Charismatic, mesmerising and creative. Three adjectives that are associated with the Advertising industry (what were you thinking?). Unfortunately the same 3 adjectives are seldom used while referring to MBAs or mainstream business. In a world where following ‘best practices’ (nice way to say, ‘stop getting creative’) gets incentivised, clichéd terms like ‘thinking out the box’ generate sarcastic laughter more than inspiration.
So we asked Vrinda Gupta to share some perspectives with us, about lessons that we can learn from the advertising world to add a little more zing to our day-to-day work. Vrinda completed her graduation in Advertising from Pennsylvania State University (consistently being on the Dean’s List) and has worked in New York, Los Angeles and Mumbai with the some of the best names in the business – from Nike to Nickelodeon (not saying that just for impact). Over the next few blog posts, Vrinda takes us into the overlapping worlds of creativity and business. Take it away, Vrinda |
You could be dull in another era. Not this one.
These are the words of David Woodside, President Sales of one of the most creative companies in the world, Google.
We live in an age where miraculous quickly becomes mundane, and creativity is no longer a competitive advantage but a competitive imperative. Today ideas, knowledge and skills have taken over agricultural produce and minerals as the most valuable commodities. Economic growth is being driven not so much by scientific thinking and knowledge but by imagination and ‘right-brain’ thinking.
According to a recent Newsweek article, an IBM poll of 1,500 CEOs identified creativity as the No. 1 “leadership competency” of the future. Clearly, the need for creative thinking in business is undisputed.
The accepted definition of creativity is the production of something original and useful. But far too many people think of creativity as just artistic self-expression and talent. Creativity is not a departure from facts and figures. Creativity is just as technical and analytical as it is expressive. It is a highly developed sense of perception. When Steve Jobs was asked to define creativity, he said: “Creativity is just connecting things.” Creativity is the ability to connect seemingly unrelated questions, problems or ideas from different fields.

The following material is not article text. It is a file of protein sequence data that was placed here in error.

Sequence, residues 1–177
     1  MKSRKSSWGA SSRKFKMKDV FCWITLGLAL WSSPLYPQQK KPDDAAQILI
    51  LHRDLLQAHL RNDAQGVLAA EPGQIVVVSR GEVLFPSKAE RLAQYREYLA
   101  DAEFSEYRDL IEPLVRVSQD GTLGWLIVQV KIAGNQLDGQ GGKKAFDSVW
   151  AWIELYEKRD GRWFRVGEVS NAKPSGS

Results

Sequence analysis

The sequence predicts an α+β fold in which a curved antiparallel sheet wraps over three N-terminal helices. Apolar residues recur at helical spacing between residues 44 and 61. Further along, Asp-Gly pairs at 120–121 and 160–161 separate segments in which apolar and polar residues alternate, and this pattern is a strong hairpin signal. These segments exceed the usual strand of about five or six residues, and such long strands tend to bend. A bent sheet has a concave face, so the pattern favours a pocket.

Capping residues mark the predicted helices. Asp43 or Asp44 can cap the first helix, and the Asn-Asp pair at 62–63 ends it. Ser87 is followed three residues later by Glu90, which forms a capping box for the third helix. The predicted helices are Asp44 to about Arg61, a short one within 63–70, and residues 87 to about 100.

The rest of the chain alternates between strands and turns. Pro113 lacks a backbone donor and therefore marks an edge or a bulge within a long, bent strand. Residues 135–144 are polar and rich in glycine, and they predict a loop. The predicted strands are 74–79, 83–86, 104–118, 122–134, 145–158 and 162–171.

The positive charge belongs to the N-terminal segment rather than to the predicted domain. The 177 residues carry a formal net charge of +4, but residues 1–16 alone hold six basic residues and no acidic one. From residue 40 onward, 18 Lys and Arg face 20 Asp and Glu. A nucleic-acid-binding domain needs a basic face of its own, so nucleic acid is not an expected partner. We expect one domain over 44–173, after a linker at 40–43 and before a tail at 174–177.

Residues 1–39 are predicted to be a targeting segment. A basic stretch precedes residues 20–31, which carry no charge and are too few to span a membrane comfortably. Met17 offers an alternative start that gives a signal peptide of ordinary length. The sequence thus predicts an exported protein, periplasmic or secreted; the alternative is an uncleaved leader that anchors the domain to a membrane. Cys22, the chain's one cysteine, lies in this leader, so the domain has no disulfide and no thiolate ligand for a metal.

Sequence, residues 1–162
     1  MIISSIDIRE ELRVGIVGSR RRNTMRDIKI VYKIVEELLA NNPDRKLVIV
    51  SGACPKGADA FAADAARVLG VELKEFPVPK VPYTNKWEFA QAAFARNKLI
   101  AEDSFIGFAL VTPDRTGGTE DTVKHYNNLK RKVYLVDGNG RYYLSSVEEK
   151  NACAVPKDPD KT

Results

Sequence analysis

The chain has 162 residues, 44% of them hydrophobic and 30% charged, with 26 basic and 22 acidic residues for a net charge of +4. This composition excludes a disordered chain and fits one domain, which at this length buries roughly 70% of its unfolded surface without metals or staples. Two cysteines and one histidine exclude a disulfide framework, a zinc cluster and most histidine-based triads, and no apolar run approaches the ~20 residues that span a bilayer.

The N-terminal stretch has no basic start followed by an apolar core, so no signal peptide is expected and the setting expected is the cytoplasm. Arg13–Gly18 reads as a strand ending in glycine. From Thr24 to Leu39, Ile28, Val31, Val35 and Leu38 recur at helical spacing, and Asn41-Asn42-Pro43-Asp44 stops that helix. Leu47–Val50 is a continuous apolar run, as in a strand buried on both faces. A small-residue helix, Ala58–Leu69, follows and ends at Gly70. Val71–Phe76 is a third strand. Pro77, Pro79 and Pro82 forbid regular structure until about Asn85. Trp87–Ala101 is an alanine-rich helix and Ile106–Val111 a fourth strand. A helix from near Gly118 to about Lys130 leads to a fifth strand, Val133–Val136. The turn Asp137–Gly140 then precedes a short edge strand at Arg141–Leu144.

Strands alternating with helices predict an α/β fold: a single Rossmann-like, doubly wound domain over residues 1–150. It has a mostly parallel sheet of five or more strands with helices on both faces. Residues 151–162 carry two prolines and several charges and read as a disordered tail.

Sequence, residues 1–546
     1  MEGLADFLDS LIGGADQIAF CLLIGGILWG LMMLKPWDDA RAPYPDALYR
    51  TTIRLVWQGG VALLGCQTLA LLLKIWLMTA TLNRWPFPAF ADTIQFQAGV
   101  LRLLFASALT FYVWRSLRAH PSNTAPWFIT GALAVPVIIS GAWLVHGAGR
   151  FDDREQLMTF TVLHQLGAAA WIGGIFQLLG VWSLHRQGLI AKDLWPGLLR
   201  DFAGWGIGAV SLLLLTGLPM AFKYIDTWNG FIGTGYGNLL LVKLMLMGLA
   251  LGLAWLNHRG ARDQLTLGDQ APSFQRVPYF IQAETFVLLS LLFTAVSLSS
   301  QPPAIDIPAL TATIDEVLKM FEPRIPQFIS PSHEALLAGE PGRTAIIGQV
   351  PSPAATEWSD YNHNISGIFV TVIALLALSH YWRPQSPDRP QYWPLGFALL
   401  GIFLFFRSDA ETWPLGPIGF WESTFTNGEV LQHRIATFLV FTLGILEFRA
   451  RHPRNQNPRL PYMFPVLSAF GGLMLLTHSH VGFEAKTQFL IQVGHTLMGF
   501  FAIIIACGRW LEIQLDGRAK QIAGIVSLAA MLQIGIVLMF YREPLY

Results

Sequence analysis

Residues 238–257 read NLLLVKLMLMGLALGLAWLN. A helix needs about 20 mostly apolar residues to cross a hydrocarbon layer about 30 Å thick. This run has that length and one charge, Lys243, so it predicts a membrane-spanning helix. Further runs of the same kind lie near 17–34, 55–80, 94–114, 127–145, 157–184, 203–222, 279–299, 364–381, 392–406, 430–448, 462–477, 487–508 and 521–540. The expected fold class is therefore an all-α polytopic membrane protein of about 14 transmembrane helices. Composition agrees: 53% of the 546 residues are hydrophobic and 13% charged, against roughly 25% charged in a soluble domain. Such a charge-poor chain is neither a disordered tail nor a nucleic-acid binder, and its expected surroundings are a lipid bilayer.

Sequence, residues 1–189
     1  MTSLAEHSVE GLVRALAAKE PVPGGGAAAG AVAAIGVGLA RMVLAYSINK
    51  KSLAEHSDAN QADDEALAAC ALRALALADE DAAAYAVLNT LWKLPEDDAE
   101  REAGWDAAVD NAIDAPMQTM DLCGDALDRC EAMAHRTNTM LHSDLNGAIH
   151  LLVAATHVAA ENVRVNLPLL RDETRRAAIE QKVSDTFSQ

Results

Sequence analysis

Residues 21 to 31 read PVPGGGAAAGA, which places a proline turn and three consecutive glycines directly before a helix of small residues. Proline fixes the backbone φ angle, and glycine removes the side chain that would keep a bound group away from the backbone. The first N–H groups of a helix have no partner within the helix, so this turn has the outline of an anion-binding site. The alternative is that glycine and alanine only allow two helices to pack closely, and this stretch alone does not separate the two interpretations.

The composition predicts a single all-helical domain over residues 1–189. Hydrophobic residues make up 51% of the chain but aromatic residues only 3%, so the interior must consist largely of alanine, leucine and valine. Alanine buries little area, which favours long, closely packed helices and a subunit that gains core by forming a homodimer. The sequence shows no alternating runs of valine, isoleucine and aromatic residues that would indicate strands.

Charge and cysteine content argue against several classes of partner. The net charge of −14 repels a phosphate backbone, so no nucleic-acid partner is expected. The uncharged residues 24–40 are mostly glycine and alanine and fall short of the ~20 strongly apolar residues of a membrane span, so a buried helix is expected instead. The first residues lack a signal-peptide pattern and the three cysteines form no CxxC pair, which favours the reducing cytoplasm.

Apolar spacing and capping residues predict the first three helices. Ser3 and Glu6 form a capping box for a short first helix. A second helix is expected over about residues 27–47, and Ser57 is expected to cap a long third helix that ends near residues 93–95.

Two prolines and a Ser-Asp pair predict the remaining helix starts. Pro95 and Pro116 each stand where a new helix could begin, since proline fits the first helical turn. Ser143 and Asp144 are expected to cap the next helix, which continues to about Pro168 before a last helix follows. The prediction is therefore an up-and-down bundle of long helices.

When the brain sees a problem, it kicks the left brain, the analytical side of the brain, into action and searches for obvious facts and solutions first. When the answer is not obvious, the right side of the brain, where memories are stored and patterns are detected, becomes activated too. Now the left brain has access to information that usually sits in the back of our heads and, with the help of the right brain, it starts searching for unseen patterns and alternative meanings. Highly creative people are extremely good at engaging both the sides of the brain, and the creative process is a back-and-forth between the brain analyzing the available clues and drawing on seemingly unrelated things it knows to make connections it would have otherwise missed.
A Harvard University research that was conducted over six years and interviewed 3000 executives, found that the No. 1 skill that separates innovators from noncreative professionals is “associating”- again, being able to connect the dots or thinking ‘out of the box.’
Speaking of the proverbial box, advertising agencies are increasingly staffing their ranks with people with no prior experience in advertising (of course, only after having proven their ability in their respective fields). Why? Because they have worked with problems outside the ‘box’ of advertising and can bring a unique perspective of things that maybe someone from the industry can not. Some of the best strategic planners I have worked with in my career in advertising so far came from fields as diverse as computer programming, insurance risk management, photojournalism etc.
Creativity allows us to create opportunities and find solutions where seemingly none exist. Yet it’s not just about being good and successful in our fields of work. All around us are matters of national and international importance that are in dire need of creative solutions, from sustaining our nation’s economic growth, to fighting terrorism to bringing universal education. Solutions to problems like these need people to constantly contribute original ideas and to be receptive to the ideas of others.
But can creativity be learnt? It is true that some people are born with the capacity to think differently. But with due diligence and focused attention, creativity can be inculcated, to a large extent, just like any other skill. It doesn’t always take a neurological quirk, a childhood trauma, or a chronic lobe seizure to be creative.
More on that in my next post…
If you are tired of reading posts on MBA, essays, GMAT preparation and admissions, then take a break and change gears a little. Are there any creative initiatives that your company or you have undertaken? Share your thoughts with Vrinda.